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Cowboys confirm Romo’s fractured rib, collapsed lung

Dallas Cowboys v New Orleans Saints

NEW ORLEANS, LA - DECEMBER 19: Quarterback Tony Romo #9 of the Dallas Cowboys calls a play against the New Orleans Saints on December 19, 2009 at Louisiana Superdome in New Orleans, Louisiana. (Photo by Al Messerschmidt/Getty Images)

Al Messerschmidt

The Dallas Cowboys have issued a statement saying that quarterback Tony Romo suffered a fractured rib in Sunday’s win over the 49ers, and that Romo suffered “pneumothorax.”

And every member of the sports media who received the statement asked in unison, “What the hell is pneumothorax?”

The National Institutes of Health explains: “A collapsed lung, or pneumothorax, is the collection of air in the space around the lungs. This buildup of air puts pressure on the lung, so it cannot expand as much as it normally does when you take a breath.”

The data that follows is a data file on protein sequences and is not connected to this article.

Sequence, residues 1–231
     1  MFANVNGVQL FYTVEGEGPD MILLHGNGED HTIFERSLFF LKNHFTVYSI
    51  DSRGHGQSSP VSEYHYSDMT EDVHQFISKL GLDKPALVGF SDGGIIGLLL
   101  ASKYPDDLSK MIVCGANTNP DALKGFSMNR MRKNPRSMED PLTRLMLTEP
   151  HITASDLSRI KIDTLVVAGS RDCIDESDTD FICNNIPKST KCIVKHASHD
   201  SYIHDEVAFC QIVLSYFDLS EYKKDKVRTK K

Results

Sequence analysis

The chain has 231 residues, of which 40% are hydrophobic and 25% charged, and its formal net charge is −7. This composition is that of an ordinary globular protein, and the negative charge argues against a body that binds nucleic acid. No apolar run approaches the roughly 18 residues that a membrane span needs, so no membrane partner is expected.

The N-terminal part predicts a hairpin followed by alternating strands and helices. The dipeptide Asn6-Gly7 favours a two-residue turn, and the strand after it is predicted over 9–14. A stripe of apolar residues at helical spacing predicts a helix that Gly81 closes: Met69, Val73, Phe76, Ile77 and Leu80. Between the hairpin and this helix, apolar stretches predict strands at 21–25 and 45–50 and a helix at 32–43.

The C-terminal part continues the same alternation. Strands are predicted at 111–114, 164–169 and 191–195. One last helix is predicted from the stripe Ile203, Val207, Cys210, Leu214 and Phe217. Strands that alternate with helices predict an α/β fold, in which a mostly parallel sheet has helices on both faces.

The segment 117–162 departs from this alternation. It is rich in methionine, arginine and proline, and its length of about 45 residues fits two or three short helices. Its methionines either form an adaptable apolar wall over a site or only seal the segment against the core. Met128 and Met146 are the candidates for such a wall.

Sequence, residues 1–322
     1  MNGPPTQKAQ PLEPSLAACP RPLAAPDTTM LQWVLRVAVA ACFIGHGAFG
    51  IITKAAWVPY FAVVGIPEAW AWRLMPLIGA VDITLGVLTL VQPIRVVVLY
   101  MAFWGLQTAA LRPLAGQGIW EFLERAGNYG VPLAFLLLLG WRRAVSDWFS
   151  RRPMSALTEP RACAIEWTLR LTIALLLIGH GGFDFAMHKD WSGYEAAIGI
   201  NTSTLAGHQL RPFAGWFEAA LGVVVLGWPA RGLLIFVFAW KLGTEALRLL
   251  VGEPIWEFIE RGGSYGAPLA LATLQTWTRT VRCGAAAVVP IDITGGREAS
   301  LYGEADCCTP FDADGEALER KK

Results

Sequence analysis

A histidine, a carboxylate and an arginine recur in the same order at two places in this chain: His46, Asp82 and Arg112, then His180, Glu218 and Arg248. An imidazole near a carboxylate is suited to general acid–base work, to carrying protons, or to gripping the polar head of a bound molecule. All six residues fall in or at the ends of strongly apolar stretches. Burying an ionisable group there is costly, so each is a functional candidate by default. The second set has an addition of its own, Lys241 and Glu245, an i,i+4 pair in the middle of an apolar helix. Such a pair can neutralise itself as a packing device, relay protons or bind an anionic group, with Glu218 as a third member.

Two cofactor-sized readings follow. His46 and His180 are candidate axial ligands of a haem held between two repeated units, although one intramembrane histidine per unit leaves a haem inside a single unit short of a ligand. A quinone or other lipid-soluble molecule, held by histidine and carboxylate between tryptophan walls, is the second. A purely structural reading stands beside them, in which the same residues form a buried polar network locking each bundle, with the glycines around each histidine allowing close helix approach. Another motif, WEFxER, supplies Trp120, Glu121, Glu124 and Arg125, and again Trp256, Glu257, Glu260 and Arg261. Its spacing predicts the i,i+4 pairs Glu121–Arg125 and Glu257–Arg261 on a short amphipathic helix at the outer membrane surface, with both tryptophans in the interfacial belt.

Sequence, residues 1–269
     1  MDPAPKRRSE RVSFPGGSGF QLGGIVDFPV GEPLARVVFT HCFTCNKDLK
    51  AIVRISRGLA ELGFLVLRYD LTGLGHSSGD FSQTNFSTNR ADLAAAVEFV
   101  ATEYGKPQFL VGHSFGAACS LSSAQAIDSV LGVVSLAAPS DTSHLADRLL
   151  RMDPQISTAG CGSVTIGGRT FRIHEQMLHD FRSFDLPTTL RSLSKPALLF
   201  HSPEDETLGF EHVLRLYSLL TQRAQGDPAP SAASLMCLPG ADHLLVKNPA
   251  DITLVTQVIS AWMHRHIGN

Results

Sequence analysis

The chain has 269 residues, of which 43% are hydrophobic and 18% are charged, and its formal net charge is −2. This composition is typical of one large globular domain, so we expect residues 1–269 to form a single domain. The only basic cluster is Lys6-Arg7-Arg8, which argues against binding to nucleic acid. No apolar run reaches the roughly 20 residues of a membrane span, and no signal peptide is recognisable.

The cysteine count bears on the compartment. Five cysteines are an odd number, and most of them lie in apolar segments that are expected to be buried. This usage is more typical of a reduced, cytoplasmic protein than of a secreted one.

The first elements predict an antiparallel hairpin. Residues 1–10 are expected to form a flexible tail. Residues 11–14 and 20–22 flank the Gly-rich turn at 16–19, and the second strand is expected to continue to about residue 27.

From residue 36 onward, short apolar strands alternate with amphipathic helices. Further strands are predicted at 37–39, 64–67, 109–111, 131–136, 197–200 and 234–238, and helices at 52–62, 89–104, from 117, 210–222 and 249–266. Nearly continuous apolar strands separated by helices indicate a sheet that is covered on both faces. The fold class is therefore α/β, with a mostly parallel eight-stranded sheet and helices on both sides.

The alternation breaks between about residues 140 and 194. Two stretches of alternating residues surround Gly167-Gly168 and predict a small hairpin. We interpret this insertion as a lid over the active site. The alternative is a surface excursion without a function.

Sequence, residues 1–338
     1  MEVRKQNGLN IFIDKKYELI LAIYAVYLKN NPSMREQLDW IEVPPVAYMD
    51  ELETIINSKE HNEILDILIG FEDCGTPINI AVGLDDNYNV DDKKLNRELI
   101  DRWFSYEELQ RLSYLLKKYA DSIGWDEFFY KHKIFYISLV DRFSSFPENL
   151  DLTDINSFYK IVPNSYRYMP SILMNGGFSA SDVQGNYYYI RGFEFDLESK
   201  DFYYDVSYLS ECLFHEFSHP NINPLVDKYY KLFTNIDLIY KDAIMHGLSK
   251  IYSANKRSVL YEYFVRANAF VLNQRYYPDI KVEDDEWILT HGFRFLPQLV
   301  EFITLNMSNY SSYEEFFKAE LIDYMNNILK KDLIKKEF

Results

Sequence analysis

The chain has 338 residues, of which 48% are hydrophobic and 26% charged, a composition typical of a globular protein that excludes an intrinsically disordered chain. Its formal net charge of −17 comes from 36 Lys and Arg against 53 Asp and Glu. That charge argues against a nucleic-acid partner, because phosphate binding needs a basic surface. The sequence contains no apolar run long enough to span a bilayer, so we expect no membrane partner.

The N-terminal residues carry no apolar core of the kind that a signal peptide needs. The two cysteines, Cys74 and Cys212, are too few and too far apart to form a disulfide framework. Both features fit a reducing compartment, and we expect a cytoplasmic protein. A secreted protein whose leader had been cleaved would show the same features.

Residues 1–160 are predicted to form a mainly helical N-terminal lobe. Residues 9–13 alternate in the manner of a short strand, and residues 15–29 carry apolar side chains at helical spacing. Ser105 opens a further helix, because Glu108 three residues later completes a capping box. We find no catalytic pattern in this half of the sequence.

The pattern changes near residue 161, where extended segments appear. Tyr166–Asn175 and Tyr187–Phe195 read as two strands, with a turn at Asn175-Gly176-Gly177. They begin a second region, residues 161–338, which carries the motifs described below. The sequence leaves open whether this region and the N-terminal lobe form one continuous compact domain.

Collapsed lungs are commonly caused by chest trauma, including rib fractures. Almost everyone who has a collapsed lung has shortness of breath as well as sharp chest pains that are made worse by deep breaths. It’s remarkable that despite that, Romo was able to not only keep playing but put on a brilliant performance in leading the Cowboys to a come-from-behind overtime victory.

Here’s the Cowboys’ statement in full: “Additional testing on the fractured rib of Tony Romo today revealed that he also has evidence of a pneumothorax—a condition that is not unusual for an injury such as the one Romo sustained in the game in San Francisco. Varying degrees of a pneumothorax can heal in differing time frames. The Cowboys medical team will continue to monitor the situation and conduct additional tests as the week progresses.”

Romo is expected to play next Monday against the Redskins.